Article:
In order to work out $h_1$ and $h_{1.5}$ we need $f'$, which using the product rule and substituting $\psi = \Gamma' / \Gamma$ we have $$ f'(a) = 2^{2a}\Gamma_2(a)\left(\log 4 + \psi(a) + \psi(a-1/2)\right) $$ where $\psi$ is the digamma function. It is well-known that $\Gamma(z+1) = z\Gamma(z)$ and $\psi(1 + z) = \frac 1z + \psi(z)$. We also have the special values $\Gamma(1/2) = \sqrt \pi$, $\psi(1) = -\gamma$, and $\psi(1/2) = -2\log 2 - \gamma$ where $\gamma$ is the Euler–Mascheroni constant. All together we can use those special values and the aforementioned identities to work out $$ h_1(a) = 2\pi - 8\pi \gamma (a - 1) $$ and $$ h_{1.5}(a) = 2\pi + 8\pi(1-\gamma)(a - 1.5). $$ These two lines intersect at $\alpha := \frac{3-\gamma}{2}$, and at that point we have $$ g(\alpha) = 2\pi - 8\pi\gamma \left(\frac{3-\gamma}{2} - 1\right) > 0. $$

This means that for all $a \in (1/2, \infty)$ we have $f(a) \geq g(a) > 0$ and that concludes the base case.

Inductive case: suppose true for $p=2,3,\dots, n$. Then in particular we have $$ \Gamma_n(a) > \pi^{n/2}2^{n(1/2-a)} $$ for all $a>(n-1)/2$ and we want to show $$ \Gamma_{n+1}(a) \stackrel{\text{NTS}}> \pi^{(n+1)/2}2^{(n+1)(1/2-a)} $$ for all $a>n/2$. Note that $1/2-a<0$ so $2^{1/2-a} < 1$. I'm going to use that $\stackrel{\text{NTS}}>$ (NTS = Need To Show) to denote inequalities that we are trying to prove but haven't yet.

From the linked Wikipedia article on the multivariate Gamma function we have $$ \Gamma_{n+1}(a)=\pi^{n/2}\Gamma_n(a)\Gamma(a - n/2) $$ $$ > \pi^n 2^{n(1/2-a)} \Gamma(a-n/2) $$ $$ > \pi^n 2^{(n+1)(1/2-a)} \Gamma(a-n/2) $$ so if we show $$ \pi^n \Gamma(a-n/2) \stackrel{\text{NTS}}> \pi^{(n+1)/2} $$ then we’re done.

This is equivalent to showing that $$ \Gamma(a-n/2) \stackrel{\text{NTS}}> \pi^{(1-n)/2}. $$ $a-n/2>0$ so the smallest that $\Gamma(a-n/2)$ can be is its unique minimum on the positive reals which is greater than $0.75$. But for $n\geq 3$ we have $\pi^{(1-n)/2}<1/3$ so no matter what for any valid $a$ we have $\Gamma(a-n/2) > \pi^{(1-n)/2}$.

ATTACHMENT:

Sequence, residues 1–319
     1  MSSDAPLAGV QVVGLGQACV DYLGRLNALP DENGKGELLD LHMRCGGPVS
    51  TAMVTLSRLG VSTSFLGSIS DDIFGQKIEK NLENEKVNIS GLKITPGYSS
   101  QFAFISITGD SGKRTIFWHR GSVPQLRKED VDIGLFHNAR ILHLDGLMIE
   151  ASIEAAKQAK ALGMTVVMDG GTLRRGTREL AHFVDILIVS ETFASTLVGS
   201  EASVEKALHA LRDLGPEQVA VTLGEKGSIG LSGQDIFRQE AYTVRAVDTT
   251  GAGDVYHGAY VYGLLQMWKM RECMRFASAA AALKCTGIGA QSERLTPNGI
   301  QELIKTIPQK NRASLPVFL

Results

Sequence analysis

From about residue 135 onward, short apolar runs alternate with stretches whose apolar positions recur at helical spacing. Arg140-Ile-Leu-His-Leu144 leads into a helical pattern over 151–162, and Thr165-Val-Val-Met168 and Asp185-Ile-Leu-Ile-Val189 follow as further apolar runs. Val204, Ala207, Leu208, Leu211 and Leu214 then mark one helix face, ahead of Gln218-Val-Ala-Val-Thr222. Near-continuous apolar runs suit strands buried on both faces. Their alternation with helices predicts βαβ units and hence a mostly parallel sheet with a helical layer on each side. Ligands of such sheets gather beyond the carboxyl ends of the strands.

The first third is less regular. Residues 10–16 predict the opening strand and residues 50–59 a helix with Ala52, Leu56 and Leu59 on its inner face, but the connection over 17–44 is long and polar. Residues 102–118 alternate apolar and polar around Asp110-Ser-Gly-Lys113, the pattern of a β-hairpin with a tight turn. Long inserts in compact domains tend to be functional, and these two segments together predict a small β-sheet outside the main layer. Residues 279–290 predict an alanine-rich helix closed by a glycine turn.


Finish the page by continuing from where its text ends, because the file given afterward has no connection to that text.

Putting this all together, we have established the following chain of inequalities: $$ \pi^{(n+1)/2}2^{(n+1)(1/2-a)} = \pi^{(n+1)/2}2^{n(1/2-a)}2^{1/2-a} $$ $$ < \pi^{(n+1)/2}2^{n(1/2-a)} < \pi^n 2^{n(1/2-a)}\Gamma(a - n/2) $$ $$ = \pi^{n/2} \left[\pi^{n/2} 2^{n(1/2-a)}\right]\Gamma(a - n/2) < \pi^{n/2} \Gamma_{n}(a) \Gamma(a - n/2) $$ $$ = \Gamma_{n+1}(a) \implies 2^{a(n+1)}\Gamma_{n+1}(a) > (2\pi)^{(n+1)/2} $$ for all $a > ((n+1)-1)/2$.


  • $\begingroup$ This is a great answer! I think I will probably have to digest it for a bit more though. I'd thought the normalization constant in multivariate normal would possess some intuitive link to that of its conjugate prior since the d.f. parameter $\nu$ often have the intuitive interpretation of the number of observations made before seeing new data. With the Bernoulli dist., for example, the normalization constant can be thought of as $\mathrm{B}\left(1, 0\right)$ or $\mathrm{B}\left(0, 1\right)$; same can be said for univariate normal distribution as suggested by the trivial case $p = 1$. $\endgroup$ – Xiubo Zhang Mar 29 '18 at 10:48
  • $\begingroup$ @XiuboZhang Thanks! I will think some more about the intuitive link too and will update if I come up with anything worth sharing. I also just changed the base case considerably to avoid relying on a numerical estimate of the root of the derivative (that root still appears but the exact value isn't an issue any more) $\endgroup$ – jld Mar 30 '18 at 17:12